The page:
Testers and vendors alike are wrestling with those issues, and not in isolation. Indeed, some testers outside that magic circle have suggested that sample exchange is somehow “cheating”. But vendors (and testers) have been exchanging samples for many years, not as part of some convoluted plan to bias testing, but because it’s not considered appropriate to refuse to share samples with the intention of maintaining some form of competitive advantage. Townsend’s complaint, however, is that AMTSO doesn’t encourage members of the public to join, or as he rather emotively calls them, “Poor Bloody Infantry” (PBI). I understand that users of security software may feel as if they’re perpetually dodging bullets, but it wasn’t the security industry that sent them off to the trenches.

But he does have a point. AMTSO is intended, among other things, to inform and to educate (as per its charter) but it doesn’t particularly engage directly with the public. AMTSO isn’t a for-profit business, but it’s expensive to run, so its subscription fees are too high to interest most individuals.

I’m not saying that the opinion of “the masses” doesn’t matter. Actually, customers’ wallets have had as much influence on the shape of the security industry as the research community, and maybe more. But (and I don’t think I can think of a way to see this that won’t sound elitist) the representatives of member organizations who are most active in the organization are experts in their fields. Right now, I’d say that most people need to learn more about how testing currently works before they can contribute usefully to the debate on how to improve it.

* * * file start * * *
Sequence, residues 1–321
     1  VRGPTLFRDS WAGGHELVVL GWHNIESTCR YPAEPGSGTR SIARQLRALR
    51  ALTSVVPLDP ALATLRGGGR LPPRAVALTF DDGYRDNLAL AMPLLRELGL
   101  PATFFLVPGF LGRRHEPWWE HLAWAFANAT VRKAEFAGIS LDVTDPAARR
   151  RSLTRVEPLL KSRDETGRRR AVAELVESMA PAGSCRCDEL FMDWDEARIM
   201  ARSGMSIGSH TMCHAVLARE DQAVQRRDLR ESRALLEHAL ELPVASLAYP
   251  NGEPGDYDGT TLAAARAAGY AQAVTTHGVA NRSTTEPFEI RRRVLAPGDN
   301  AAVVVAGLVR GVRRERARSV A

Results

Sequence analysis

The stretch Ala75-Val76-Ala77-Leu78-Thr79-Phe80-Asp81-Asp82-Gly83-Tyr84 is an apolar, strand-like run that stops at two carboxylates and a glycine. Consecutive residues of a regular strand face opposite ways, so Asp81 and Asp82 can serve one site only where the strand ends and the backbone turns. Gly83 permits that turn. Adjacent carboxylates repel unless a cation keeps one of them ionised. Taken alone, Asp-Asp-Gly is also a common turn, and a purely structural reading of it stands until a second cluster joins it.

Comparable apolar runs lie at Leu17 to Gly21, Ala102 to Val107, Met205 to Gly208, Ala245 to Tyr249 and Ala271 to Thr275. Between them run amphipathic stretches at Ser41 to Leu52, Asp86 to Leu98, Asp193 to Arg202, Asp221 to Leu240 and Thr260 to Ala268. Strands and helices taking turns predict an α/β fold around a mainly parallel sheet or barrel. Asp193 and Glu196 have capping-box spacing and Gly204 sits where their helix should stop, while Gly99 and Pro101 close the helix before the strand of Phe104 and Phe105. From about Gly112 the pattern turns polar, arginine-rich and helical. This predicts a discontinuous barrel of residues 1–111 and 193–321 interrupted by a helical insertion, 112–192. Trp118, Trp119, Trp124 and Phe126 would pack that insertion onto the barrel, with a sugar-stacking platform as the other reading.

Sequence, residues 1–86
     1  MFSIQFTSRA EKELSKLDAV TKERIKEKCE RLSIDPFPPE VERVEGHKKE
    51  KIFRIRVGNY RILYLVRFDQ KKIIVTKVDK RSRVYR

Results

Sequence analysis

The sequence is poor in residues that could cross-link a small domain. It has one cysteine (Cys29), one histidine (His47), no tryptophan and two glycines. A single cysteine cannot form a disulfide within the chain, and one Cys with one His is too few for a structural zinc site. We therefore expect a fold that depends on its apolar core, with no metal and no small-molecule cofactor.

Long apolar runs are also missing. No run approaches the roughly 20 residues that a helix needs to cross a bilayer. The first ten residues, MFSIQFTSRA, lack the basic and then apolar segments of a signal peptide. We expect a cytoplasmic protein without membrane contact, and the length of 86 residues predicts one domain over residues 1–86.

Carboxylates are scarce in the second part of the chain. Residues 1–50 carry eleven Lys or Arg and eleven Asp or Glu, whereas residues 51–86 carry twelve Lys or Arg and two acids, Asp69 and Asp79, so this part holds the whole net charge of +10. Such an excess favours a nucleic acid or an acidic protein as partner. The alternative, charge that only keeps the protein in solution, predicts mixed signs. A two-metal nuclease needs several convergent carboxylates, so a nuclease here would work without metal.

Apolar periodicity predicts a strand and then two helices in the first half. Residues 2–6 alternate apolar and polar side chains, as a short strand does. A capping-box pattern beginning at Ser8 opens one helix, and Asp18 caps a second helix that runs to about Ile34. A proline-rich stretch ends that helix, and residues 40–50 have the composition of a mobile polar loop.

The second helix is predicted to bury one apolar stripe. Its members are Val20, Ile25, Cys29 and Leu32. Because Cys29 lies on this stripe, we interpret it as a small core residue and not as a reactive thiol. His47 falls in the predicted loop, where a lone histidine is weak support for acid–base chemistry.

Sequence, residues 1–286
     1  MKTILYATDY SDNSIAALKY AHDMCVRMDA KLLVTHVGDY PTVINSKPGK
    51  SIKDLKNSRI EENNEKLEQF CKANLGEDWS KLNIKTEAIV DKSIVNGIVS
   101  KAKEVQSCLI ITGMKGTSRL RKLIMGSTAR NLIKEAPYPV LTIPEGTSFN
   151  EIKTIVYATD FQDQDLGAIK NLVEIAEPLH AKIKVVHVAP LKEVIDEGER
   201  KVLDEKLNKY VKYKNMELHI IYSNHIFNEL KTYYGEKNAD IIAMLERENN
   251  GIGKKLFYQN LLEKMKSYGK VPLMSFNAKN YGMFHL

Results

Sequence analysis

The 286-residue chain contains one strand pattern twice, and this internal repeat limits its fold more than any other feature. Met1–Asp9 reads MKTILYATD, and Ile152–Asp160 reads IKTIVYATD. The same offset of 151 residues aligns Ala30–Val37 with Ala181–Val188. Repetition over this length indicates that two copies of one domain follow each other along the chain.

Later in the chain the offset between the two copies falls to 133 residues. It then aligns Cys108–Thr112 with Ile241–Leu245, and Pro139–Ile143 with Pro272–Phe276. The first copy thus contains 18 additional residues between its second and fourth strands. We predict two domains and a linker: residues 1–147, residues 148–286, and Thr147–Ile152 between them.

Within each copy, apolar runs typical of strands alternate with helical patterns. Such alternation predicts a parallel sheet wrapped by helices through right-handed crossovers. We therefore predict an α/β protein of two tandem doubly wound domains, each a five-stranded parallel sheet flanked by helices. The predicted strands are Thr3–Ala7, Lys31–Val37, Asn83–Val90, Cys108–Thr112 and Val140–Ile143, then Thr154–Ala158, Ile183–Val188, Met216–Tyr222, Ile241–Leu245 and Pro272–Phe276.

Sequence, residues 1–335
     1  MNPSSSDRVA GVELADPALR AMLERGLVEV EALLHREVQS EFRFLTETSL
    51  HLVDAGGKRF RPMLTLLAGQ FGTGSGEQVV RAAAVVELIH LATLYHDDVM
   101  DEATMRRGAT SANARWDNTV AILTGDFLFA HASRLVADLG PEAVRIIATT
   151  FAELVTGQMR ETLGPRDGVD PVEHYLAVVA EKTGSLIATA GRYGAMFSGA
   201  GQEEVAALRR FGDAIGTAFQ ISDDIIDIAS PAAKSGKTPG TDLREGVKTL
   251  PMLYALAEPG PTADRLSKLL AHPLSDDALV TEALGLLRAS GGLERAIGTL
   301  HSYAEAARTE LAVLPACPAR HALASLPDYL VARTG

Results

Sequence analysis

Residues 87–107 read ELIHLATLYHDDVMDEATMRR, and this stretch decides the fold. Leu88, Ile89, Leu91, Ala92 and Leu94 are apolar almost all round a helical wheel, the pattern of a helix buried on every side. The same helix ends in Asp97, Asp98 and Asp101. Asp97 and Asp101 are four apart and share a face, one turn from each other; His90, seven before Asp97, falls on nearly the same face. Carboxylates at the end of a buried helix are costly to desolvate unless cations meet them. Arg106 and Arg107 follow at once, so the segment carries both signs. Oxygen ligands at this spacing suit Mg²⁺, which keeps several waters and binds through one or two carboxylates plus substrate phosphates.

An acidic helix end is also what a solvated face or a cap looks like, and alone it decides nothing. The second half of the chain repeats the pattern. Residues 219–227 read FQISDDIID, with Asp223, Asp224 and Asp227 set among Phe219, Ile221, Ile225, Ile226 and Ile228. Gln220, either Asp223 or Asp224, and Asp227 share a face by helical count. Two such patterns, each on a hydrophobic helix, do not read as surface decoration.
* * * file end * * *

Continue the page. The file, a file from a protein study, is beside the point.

Personally, I’d like to see AMTSO engage more with Townsend’s PBI, even if getting the whole population of the Internet onto the same page is a little too ambitious a target right now. It couldn’t be a “free for all.” There has to be some way of keeping down the signal-to-noise ratio. And I don’t think giving Joe User a voice is the same as giving him a vote – I can’t think of a surer way for a voluntary organization to bog down both procedurally and in debate. But I don’t think a dialogue, perhaps on the basis of a second-tier, cheap basic membership fee, is too much to ask, and one way of implementing it would be along the lines of the Anti-Phishing Working Group’s basic $50 membership. But don’t ask me whether or when it will happen. That depends on the views of the existing membership. Interestingly, though, some rather mixed publicity over the past few days has resulted in several applications for individual membership, so perhaps that whole issue might be addressed at the next AMTSO workshop in October.

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David Harley CITP FBCS CISSP is Research Fellow and Director of Malware Intelligence at ESET LLC , Chief Operations Officer at AVIEN, and on the Board of directors of AMTSO. He is a prolific blogger and author of security-focused conference papers and articles. His books include “Viruses Revealed” (Osborne/McGraw-Hill) and the “AVIEN Malware Defense Guide” (Syngress.) He joined ESET's Research team in January 2008 as Research Author, and was appointed Director of Malware Intelligence in August 2008.